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Old 09-24-2012, 03:39 PM
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ceruleanblue ceruleanblue is offline
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Default Re: Piper

Thanks for all of the tips, everyone! It's good to know that I'm not the only one that's had trouble. Just browsing the threads at first, it seems like everyone has perfectly patient, easygoing dogs!

I think we're definitely going to have to get a muzzle for her, at least for a little bit. She was putting teeth on skin tonight. It took both my brother and I to do her injection tonight. I did it on the flank, and used the tenting method, and she didn't seem to feel it as much when I did the injection, but that also could've been because my brother was holding her head.

I was also looking at meters today, hoping that one day we might work up to testing at home, since I don't really trust the vet's "You don't worry about testing her, we'll do it all" approach. The One Touch Ultra Mini is only $9.99 with the reward card at CVS. Would that be a good one to get?

I went to the vet's office today and got a copy of the results of the CBC and urinalysis they did before they put her on insulin. I was also reading a little bit on the Cushings side of the forum, and it seems like a lot of the symptoms overlap. What are the differences in the tests that would distinguish one from the other?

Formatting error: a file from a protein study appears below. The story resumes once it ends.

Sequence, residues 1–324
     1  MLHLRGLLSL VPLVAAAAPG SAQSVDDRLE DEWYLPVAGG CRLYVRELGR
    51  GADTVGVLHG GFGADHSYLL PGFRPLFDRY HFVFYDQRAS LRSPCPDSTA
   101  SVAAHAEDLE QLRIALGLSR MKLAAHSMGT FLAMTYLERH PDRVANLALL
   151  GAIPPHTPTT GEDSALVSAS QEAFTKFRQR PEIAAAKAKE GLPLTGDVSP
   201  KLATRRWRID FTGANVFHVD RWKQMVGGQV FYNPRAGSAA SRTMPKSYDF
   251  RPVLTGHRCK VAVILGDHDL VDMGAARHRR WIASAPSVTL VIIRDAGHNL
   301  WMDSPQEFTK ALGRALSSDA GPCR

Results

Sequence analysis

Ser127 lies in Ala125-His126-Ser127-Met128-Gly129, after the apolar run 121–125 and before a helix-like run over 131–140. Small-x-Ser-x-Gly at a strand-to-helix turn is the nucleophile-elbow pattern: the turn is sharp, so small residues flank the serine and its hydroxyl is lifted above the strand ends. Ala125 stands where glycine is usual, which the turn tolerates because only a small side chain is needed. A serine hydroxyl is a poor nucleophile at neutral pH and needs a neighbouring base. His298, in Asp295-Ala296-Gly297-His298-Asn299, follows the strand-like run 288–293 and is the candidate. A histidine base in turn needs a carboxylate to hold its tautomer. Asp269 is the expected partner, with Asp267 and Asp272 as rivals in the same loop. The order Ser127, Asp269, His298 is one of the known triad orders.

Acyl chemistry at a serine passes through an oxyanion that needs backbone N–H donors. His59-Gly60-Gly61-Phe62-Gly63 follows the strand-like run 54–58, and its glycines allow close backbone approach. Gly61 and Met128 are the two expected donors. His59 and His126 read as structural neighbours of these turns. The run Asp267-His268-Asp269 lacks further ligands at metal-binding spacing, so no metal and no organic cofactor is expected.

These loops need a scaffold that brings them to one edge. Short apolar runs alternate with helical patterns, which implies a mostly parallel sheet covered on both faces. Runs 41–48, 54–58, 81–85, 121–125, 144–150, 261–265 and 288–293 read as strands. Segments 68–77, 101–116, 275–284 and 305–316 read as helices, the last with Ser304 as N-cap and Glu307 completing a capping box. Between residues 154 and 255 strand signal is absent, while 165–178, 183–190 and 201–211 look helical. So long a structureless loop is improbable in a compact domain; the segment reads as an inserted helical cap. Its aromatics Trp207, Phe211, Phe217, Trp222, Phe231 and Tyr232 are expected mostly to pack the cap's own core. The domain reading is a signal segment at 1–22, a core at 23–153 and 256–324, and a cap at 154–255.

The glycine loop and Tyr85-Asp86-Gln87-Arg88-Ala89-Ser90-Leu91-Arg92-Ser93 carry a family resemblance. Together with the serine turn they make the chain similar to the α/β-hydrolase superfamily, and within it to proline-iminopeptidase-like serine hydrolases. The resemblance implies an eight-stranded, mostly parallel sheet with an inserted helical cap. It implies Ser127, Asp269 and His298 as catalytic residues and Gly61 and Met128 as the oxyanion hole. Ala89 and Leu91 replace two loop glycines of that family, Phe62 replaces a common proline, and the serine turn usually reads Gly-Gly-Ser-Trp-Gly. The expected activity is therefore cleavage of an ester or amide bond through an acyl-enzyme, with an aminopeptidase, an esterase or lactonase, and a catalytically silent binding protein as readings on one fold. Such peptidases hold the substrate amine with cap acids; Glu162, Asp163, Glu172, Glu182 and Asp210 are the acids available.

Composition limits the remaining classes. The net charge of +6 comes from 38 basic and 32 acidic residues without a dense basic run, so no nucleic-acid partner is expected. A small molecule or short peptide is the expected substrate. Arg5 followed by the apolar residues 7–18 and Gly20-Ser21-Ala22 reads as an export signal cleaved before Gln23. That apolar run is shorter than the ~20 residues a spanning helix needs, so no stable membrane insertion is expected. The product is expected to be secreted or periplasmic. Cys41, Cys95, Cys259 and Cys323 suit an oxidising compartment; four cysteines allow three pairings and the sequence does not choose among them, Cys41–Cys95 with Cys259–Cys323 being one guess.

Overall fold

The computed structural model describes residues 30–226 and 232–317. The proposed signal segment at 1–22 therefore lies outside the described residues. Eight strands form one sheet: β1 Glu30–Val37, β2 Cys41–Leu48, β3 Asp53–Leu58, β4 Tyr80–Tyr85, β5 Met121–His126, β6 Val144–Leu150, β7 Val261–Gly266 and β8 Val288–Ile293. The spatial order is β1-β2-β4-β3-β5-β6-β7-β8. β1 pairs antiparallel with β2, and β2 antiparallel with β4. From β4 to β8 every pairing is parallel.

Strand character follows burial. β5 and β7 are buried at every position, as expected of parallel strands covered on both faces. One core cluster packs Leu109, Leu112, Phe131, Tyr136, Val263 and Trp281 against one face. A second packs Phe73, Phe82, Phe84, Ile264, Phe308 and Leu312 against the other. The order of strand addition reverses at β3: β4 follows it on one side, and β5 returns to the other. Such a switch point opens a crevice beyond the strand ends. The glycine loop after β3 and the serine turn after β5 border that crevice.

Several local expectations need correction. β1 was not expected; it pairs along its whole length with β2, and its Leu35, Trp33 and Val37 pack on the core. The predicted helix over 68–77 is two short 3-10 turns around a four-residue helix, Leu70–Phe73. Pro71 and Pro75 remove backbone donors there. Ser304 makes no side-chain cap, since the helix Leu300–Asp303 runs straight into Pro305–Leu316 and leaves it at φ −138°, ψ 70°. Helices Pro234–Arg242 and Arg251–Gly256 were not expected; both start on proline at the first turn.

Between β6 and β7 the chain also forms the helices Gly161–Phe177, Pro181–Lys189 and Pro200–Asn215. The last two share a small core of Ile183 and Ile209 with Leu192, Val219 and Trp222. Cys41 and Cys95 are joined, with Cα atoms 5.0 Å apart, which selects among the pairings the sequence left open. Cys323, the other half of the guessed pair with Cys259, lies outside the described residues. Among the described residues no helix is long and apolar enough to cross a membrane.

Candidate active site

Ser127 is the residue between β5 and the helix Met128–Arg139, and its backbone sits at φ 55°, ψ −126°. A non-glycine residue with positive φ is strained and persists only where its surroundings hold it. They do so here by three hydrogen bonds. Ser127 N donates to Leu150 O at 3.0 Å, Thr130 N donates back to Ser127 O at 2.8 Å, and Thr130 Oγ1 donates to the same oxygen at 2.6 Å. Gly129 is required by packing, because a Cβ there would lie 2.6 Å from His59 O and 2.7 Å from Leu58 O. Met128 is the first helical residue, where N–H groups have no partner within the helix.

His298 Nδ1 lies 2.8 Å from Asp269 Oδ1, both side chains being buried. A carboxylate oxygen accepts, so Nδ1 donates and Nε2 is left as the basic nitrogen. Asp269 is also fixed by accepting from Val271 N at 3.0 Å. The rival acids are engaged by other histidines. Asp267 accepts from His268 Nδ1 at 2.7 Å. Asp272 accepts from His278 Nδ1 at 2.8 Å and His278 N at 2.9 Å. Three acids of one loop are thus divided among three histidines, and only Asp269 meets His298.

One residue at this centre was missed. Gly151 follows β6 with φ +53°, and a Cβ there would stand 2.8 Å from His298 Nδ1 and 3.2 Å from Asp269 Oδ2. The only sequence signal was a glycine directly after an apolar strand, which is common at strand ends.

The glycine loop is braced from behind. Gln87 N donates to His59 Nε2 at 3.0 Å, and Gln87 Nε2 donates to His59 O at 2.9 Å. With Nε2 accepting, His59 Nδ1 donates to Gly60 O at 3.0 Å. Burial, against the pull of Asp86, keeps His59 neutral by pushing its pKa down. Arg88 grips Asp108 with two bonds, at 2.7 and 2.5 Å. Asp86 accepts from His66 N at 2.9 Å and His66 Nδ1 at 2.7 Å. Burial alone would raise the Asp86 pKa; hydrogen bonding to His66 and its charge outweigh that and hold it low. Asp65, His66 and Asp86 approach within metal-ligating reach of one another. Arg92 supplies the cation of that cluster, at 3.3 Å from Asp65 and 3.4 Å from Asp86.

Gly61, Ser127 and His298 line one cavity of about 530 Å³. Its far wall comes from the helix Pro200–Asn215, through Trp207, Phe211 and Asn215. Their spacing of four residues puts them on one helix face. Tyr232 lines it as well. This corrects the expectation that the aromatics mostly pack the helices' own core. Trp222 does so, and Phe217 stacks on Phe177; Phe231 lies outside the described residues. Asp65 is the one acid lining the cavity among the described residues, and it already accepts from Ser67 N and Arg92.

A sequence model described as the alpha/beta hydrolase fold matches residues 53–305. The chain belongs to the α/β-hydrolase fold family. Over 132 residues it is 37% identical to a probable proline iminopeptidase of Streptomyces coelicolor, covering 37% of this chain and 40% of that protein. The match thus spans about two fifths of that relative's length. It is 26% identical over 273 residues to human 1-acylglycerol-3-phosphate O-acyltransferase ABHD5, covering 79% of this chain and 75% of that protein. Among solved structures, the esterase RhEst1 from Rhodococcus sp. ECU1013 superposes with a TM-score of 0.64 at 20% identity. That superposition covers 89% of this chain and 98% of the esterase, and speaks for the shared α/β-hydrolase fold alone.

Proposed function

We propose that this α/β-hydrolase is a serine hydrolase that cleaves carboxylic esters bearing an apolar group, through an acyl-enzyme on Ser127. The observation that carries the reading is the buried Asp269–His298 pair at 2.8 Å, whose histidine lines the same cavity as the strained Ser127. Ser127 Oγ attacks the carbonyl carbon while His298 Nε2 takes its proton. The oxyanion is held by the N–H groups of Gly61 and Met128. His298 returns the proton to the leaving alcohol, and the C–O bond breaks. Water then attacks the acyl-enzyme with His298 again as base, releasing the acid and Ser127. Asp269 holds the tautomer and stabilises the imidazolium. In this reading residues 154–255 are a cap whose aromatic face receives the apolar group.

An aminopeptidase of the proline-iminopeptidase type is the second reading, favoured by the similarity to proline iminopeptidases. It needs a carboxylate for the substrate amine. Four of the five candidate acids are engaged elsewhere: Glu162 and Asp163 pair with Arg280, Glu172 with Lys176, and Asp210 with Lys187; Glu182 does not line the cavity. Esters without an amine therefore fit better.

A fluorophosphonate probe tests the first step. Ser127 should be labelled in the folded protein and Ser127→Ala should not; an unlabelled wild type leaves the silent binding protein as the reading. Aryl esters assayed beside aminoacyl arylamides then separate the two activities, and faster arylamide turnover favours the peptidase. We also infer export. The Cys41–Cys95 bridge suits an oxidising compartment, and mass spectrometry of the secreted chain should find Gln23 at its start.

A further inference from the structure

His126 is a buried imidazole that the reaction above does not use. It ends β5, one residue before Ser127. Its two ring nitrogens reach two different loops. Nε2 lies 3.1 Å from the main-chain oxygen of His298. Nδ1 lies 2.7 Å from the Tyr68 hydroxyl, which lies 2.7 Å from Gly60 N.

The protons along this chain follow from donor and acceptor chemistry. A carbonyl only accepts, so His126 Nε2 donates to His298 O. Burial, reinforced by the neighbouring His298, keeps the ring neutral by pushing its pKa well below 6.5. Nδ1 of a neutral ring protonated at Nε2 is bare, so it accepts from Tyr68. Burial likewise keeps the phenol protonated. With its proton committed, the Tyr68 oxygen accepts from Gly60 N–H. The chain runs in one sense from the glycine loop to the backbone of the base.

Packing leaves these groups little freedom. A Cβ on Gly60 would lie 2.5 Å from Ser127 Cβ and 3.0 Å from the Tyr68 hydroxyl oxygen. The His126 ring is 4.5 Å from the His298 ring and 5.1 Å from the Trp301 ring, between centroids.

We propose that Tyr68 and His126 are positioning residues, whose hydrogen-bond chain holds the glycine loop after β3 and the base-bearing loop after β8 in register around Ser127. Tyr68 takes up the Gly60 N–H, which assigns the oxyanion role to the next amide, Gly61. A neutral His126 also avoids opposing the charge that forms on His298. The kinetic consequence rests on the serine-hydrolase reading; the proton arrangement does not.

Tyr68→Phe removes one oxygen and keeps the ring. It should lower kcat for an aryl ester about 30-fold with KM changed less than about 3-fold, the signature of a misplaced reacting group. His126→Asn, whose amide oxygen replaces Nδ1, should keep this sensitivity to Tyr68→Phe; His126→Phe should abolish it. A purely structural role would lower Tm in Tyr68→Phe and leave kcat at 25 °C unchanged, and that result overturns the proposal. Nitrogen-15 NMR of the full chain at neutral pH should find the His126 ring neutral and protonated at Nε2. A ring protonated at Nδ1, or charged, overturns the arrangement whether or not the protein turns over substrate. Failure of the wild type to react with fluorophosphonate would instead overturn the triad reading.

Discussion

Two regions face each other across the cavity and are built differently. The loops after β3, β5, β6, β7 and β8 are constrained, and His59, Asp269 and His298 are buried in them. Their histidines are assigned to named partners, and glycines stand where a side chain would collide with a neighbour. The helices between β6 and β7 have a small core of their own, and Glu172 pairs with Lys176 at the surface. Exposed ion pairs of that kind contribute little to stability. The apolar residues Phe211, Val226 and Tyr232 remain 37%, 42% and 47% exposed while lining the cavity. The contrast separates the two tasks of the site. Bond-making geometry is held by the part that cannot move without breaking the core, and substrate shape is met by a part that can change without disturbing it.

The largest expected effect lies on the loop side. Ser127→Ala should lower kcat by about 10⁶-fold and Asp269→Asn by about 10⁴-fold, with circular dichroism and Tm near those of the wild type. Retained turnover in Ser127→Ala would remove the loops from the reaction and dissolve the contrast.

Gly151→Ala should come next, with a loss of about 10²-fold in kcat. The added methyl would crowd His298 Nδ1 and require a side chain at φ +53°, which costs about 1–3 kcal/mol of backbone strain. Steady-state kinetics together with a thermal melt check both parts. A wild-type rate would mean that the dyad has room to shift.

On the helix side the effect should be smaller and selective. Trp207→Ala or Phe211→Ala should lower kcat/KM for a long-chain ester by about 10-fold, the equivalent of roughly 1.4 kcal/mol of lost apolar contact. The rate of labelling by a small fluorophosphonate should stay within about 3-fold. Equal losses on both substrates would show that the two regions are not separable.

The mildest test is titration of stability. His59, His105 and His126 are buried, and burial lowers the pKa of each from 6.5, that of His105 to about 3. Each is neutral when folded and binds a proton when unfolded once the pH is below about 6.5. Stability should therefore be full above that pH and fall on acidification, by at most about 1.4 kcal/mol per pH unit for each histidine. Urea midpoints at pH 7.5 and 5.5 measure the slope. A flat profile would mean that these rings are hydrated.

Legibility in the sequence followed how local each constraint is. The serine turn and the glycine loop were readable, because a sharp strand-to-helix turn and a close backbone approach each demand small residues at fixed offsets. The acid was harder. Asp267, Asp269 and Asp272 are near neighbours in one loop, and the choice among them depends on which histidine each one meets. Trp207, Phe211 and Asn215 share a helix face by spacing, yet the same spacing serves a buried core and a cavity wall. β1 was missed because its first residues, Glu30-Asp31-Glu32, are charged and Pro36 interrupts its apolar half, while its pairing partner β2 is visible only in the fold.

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Old 09-24-2012, 06:01 PM
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Default Re: Piper

I like my Mini meter though I use a full size one for daily testing because the numbers on it read better.

If you want to look at a OneTouch Ultra2 Amazon sells them for about $20 including shipping. http://www.amazon.com/One-Touch-Ultr.../dp/B001A66QV0

It's the test strips that cost so much. Retail they run about $1 a strip. I buy mine on ebay for around 47 cents a strip including shipping. Just watch for factory sealed boxes and good expiration dates.

Most human meters will read your dog's blood sugar a bit lower than actual due to the difference in shape/size of a dog's red blood cell. But you can always compare your meter to your vet's lab machine later once you get the hang of testing.

If you plan to test somewhere with thicker skin, such as the rear/base of tail area, larger lancets can be helpful such as 26 gauge (higher the number the thinner the lancet).
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Old 09-24-2012, 06:34 PM
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Default Re: Piper

Everyone has their favorite meter(s). As mentioned, the test strips are what are expensive. My newest meter (have a small collection of 5) is the Walmart ReliOn Prime. The meter is under $17 and the strips are only 18 cents each.

http://www.walmart.com/browse/home-m..._values=418717